1. Nights: If we do not wind down at the end of the day — if we head into sleep with our mind filled with the latest tweets, Facebook comments and emails — we will never fully rest. Bedtime should be a time of reflection on the day and connection with the other folks in our houses — more information from and connection with folks around the world can wait until tomorrow.

2. Mornings: But when we do start connecting again tomorrow, we should wait a bit after we wake up. It is important to center ourselves before we start zipping into our daily routine. If we reach for a phone immediately after waking up, we push aside the perfect time to do just that.

3. Once a week. In addition to carving out nights and mornings, it is important to have longer periods of time for disconnection. This is why many people carve out one day a week to unplug. Famous food journalist Mark Bittman popularized the idea in a seminal 2008 New York Times column where he describes his weekly routine of being “free of screens, bells and beeps… an old-fashioned day not only of rest but of relief.” Building up to the habit was hard, but he did it in baby steps. Quoting executive coach Andrea Bauera, he reminds us that “you can’t run five miles if you’ve never run at all” and you cannot start a weekly digital detox if you have not done a few mini-detoxes beforehand. But he eventually was able to do it easily: “the walks, naps and reading became routine, and all as enjoyable as they were before I had to force myself into doing them.” The achievement of routinizing a weekly digital break was “unlike any other” in his life. And, he happily added, nothing bad happened while he was offline: “the e-mail and phone messages, RSS feeds” were all there waiting for him when he returned.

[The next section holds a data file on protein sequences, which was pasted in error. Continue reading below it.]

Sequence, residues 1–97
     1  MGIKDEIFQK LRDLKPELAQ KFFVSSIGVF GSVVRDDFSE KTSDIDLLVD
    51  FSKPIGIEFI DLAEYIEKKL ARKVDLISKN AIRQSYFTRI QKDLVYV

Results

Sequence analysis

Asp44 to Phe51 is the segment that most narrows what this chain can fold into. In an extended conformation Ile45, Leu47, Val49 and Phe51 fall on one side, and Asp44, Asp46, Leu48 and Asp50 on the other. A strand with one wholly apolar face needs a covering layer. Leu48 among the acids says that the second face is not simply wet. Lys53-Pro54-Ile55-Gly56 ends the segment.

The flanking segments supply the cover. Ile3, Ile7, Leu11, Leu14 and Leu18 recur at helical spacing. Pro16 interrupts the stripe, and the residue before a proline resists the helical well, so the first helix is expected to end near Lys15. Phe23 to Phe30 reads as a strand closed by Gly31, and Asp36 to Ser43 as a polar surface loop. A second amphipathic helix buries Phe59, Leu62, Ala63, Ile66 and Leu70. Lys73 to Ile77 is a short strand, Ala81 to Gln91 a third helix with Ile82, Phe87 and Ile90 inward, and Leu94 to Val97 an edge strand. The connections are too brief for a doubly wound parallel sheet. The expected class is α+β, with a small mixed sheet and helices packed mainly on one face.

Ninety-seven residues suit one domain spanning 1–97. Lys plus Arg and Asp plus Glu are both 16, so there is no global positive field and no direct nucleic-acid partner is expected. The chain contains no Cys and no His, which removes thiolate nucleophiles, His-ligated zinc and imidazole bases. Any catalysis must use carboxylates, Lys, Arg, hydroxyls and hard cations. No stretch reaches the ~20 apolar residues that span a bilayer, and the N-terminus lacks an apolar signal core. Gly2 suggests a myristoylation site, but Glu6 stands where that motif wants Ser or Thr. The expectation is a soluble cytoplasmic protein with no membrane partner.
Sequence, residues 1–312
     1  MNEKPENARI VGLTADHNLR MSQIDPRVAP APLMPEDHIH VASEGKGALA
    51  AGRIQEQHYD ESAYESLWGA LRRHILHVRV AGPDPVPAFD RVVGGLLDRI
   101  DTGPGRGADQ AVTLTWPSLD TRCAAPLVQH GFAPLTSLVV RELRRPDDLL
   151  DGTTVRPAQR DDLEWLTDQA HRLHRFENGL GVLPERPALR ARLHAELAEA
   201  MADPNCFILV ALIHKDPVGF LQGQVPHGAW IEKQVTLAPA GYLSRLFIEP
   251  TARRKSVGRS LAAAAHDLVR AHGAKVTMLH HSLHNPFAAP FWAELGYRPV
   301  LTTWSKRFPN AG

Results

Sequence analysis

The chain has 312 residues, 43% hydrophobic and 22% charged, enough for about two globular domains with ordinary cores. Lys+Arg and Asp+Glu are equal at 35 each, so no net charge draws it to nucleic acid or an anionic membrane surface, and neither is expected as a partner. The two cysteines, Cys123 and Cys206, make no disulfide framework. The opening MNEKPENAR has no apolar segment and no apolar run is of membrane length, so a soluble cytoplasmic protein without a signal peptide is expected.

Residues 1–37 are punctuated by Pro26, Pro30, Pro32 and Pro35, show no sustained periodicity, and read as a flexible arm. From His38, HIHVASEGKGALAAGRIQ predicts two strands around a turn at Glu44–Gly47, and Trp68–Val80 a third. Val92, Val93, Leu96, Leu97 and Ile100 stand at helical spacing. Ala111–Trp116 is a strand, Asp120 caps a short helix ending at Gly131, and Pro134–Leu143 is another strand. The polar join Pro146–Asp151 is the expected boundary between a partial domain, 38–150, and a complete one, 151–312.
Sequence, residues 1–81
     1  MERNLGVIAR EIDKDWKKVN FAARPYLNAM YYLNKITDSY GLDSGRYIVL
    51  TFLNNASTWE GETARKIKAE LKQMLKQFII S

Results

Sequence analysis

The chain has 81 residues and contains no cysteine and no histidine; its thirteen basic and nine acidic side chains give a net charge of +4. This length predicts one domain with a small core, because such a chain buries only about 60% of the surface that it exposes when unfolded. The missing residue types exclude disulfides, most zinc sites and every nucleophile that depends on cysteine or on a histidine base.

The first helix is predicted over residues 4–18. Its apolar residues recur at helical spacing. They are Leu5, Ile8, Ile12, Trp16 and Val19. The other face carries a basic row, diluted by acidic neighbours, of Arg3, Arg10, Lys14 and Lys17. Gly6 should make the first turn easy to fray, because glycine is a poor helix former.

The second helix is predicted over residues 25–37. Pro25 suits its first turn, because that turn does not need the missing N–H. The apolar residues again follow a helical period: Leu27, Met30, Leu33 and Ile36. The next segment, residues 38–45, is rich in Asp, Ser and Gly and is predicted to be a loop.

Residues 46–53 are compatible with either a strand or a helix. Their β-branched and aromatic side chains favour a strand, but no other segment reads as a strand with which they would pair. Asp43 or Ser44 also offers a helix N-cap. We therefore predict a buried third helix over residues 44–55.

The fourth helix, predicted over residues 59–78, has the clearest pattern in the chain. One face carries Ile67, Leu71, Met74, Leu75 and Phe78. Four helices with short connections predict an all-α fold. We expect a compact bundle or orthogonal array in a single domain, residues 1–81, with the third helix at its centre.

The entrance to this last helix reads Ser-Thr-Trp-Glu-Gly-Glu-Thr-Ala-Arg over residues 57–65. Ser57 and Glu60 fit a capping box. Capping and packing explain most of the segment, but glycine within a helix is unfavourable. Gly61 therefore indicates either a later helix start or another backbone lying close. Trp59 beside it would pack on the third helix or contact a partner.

4. Meetings: Multitasking is a myth. When we think we are multitasking, we are not actually multitasking; we are actually switching between tasks in rapid succession. So, when we are answering emails or responding to texts during a meeting, we are are actually just answering emails and then engaging in the meeting and then answering emails and then engaging in the meeting. This creates a “response selection bottleneck” in our brain as we struggle to decide which of the two tasks — paying attention to our phone or paying attention to the meeting — we should attend to during any given second. So when we are texting while engaging in a meeting, we are actually doing three tasks poorly: texting, engaging in the meeting, and deciding whether we should be texting or engaging in the meeting. This all seems very tiring and unproductive — and it a good reason to make meeting-time a smartphone-free zone.

5. Around children: First, our children need our attention: ignoring them to scroll an Instagram feed of, say, other people’s kids sends a dangerous message about our priorities. Second, our children need our example. As Frances Booth writes: “If you always have your BlackBerry on the dining table, you’ll be on very thin ice when they want to do the same.” We should make this choice easy by always putting away our phones when kids show up.

Indeed, we do not have to go full Luddite to fight back against digital overload. By limiting the places and times we are able to use our digital devices, we can slowly wean ourselves down from technology addiction to mastery over our attention.